Southeastern Section - 63rd Annual Meeting (10–11 April 2014)

Paper No. 5
Presentation Time: 8:00 AM-12:00 PM


ROWSON, Daniel R., Department of Geology and Environmental Science, James Madison University, 1191 Oriole Lane, Apt 203, Harrisonburg, VA 22802 and ADMASSU, Yonathan, Department of Geology and Environmental Science, James Madison University, Harrisonburg, VA 22807,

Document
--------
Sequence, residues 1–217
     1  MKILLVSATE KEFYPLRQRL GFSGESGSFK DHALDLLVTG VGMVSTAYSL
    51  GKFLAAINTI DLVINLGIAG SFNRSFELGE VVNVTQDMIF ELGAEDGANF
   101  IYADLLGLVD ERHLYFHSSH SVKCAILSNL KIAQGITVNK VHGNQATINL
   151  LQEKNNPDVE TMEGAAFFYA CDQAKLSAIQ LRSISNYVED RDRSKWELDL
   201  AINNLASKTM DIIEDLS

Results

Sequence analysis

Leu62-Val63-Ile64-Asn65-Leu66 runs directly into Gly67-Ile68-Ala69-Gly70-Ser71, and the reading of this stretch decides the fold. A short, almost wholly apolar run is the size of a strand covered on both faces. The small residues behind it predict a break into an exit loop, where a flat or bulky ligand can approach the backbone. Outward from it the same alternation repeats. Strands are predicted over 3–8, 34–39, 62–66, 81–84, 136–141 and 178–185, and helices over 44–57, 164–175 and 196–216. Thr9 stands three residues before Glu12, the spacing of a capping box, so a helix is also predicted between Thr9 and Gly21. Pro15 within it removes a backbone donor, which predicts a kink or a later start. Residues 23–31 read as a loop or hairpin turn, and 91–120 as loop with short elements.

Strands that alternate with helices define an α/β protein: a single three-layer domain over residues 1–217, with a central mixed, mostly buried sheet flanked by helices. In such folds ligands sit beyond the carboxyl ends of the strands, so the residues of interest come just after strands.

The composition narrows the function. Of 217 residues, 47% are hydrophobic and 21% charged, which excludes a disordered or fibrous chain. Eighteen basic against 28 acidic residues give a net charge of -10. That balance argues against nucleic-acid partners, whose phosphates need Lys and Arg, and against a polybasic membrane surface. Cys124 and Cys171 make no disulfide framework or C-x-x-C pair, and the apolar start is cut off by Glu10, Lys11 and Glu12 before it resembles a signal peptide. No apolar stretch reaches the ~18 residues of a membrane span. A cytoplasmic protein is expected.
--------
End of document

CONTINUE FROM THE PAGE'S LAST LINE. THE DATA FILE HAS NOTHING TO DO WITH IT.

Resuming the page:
In March, 2013, an embankment slope on the campus of James Madison University began to fail and was eventually in need of repair requiring the removal of the section of the embankment that failed, and the construction of a retaining wall in its place. An embankment slope should be designed in such a way that its factor of safety against failure is greater than 1, resulting in a stable and long-standing structure. The embankment in question had a gentle slope angle of 16.3° that would be expected to have a high factor of safety, and therefore failure should have been unlikely. This project is a geotechnical investigation to identify the causes of failure of such a gentle embankment slope. Intact samples of the embankment soil were collected and classified as CL using the unified classification system. Cohesion and friction values of 79.91 kPa and 13.43°, respectively, were determined using direct shear testing. After surveying the embankment, Slide 6.0, from the RocScience suite of geotechnical software, was used to employ Bishop’s simplified method of slope analysis to determine the factor of safety. Preliminary analysis resulted in a factor of safety of 1.14, suggesting other factors in addition to soil strength might have caused the failure. More stability analyses will be performed and drilling data will be investigated to pinpoint the possible factors that led to failure of the embankment. Based on the conclusions of this project, the stability of other embankment slopes on the JMU campus will be evaluated.